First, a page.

Oxidaniumyl, 2B2
Species tag 018505
Date of EntryFeb. 2017
ContributorH. S. P. Müller

The first entry of May 2012 was reevaluated. Details are given in
(1) S. Muller, H. S. P. Müller, J. H. Black, et al., 2016, Astron. Astrophys. 595, Art. No. A128.
The main differences are a slightly modified set of spectroscopic parameters, rest frequencies for the 11,0 – 10,1 transition near 620 GHz from astronomical observations with ALMA. In addition, the entire HFS pattern of stronger fine structure component of the 11,1 – 00,0 transition near 1115 GHz was shifted 5 MHz up in frequency, whereas the weaker component near 1140 GHz was shifted 5 MHz down. The first shift was suggested in
(2) D. A. Neufeld, J. R. Goicoechea, P. Sonnentrucker, et al., 2010, Astron. Astrophys. 521, Art. No. L10,
whereas the second shift is an estimate from trial fits. There are still no laboratory data available for oxidaniumyl with microwave accuracy. However, there have been two studies employing laser magnetic resonance (LMR) with uncertainties of order of 1 MHz. Usually, transition frequencies extrapolated to zero field are not published. One of the two articles provide such frequencies, albeit only for the data obtained in the course of their investigation. The zero field frequencies appear to be reliable within the stated uncertainties. Weighted averages were derived wherever applicable. The data were taken from
(3) P. Mürtz, L. R. Zink, K. M. Evenson, and J. M. Brown, 1998, J. Chem. Phys. 109, 9744.
In that work, additional LMR data were taken from
(4) S. E. Strahan, R. P. Mueller, and R. J. Saykally, 1986, J. Chem. Phys. 85, 1252.
Only the calculated (sic !) frequencies for the 111 – 000 transition were published in (1). These frequencies were used in the current analysis with uncertainties of 0.00006 cm–1.
Rovibrational data from observations of fundamental transitions were also used in the fit. These were reported by
(5) B. M. Dinelli, M. W. Crofton, and T. Oka, 1988, J. Mol. Spectrosc. 127, 1;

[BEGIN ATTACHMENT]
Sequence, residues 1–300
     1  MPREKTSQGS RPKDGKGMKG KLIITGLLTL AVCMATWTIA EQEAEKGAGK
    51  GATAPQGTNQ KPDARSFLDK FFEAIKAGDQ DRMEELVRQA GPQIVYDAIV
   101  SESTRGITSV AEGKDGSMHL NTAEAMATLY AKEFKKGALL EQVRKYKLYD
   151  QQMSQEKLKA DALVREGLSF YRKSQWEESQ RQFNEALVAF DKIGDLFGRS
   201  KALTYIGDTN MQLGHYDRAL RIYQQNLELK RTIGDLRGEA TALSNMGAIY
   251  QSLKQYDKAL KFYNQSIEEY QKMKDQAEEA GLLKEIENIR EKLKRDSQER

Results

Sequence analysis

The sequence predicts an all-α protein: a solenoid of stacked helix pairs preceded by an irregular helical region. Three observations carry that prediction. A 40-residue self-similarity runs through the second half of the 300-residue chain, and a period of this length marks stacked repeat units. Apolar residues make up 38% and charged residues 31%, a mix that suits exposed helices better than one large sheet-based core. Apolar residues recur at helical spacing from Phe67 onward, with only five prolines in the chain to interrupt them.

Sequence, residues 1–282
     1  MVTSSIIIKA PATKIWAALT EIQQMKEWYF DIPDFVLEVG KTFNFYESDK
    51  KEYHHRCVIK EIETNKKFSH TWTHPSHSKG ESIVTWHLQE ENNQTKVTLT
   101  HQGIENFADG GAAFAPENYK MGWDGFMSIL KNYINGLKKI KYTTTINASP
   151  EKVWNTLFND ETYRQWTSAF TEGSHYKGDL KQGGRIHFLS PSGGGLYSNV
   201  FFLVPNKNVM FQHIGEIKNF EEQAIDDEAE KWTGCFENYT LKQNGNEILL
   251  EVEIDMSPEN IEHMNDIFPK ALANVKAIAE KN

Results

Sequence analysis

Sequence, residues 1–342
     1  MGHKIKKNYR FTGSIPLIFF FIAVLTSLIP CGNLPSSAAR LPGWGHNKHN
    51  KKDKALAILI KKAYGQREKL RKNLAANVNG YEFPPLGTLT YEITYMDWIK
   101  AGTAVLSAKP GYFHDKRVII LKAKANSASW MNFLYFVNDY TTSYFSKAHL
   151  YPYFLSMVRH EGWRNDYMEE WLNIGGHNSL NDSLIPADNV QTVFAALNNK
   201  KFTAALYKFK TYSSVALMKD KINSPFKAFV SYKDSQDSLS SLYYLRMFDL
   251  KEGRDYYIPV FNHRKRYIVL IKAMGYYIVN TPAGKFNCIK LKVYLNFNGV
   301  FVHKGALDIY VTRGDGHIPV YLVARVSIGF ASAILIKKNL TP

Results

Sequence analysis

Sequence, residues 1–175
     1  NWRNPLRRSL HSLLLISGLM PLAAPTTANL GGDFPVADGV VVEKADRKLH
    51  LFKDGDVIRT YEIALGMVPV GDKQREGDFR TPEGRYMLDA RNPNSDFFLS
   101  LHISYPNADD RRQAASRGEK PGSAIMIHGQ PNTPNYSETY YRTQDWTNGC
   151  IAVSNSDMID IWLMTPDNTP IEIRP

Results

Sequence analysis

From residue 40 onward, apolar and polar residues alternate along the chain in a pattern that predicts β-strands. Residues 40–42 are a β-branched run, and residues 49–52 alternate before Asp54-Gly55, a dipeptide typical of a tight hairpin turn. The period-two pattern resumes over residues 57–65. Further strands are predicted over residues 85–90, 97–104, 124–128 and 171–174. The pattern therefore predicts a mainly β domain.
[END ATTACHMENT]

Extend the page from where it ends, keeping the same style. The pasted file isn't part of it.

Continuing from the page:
(6) P. R. Brown, P. B. Davies, and R. J. Stickland, 1989, J. Chem. Phys. 91, 3384.
(7) T. R. Huet, C. J. Pursell, W. C. Ho, B. M. Dinelli, and T. Oka, 1992, J. Chem. Phys. 97, 5977;
and by
(8) R. Zheng, S. Li, S.-Y. Hou, G.-M. Huang, and C.-X. Duan, 2008, Chin. Phys. B 17, 4485.
Furthermore, ground state combination differences (GSCDs) were included. These were reported by
(9) H. Lew, 1976, Can. J. Phys. 54, 2028;
and by
(10) T. R. Huet, I. Hadj Bachir, J.-L. Destombes, and M. Vervloet, 1997, J. Chem. Phys. 107, 5645.
The data from (9) were kindly provided in electronic form by B. M. Dinelli via P. Mürtz.
Some predicted uncertainties exceed 1 GHz; they show up as 999.9999 in megahertz unit and as 0.03336 in inverse centimeter unit.
It is possible, though not certain, that the predictions are sufficient for astronomical purposes. Nevertheless, all predictions should be viewed with at least some caution mainly because of the slowly converging Hamiltonian, but also because of some uncertainty about the extrapolation of the LMR data to zero field. Considerable caution is advised for transitions having predicted uncertainties larger than 10 MHz.
At low temperatures, it may be necessary to discern betweenortho-H2O+ and para-H2O+. The ortho states are described by Ka + Kc even, the para states by Ka + Kc odd. There are three times as many levels for ortho-H2O+ than there are for para-H2O+. Thus, for transitions with unresolved 1H hyperfine splitting the nuclear spin-weight ratio is 3 : 1 between ortho-H2O+ and para-H2O+. However, for transitions with resolved 1H hyperfine splitting no non-trivial spin-statistics have to be considered. The NKaKc = 101, J + 1/2 = 2 is the lowest para state, It is 20.8582 cm–1 above ground. Separate para and ortho predictions are available along with separate para and ortho partition function values. These entries have been truncated slightly more than the regular entry. Even though matrix elements exist which mix ortho and para states, frequency shifts and spin-exchange is probably negligible.
A ground state dipole moment value was calculated ab initio by
(11) B. Weis, S. Carter, P. Rosmus, H.-J. Werner, and P. J. Knowles, 1989, J. Chem. Phys. 91, 2818.

Lines Listed2892
Frequency / GHz< 17544
Max. J16
log STR0-7.0
log STR1-5.0
Isotope Corr.-0.0
Egy / (cm–1)0.0
 µa / D 
 µb / D2.398
 µc / D 
detected in ISM/CSMyes

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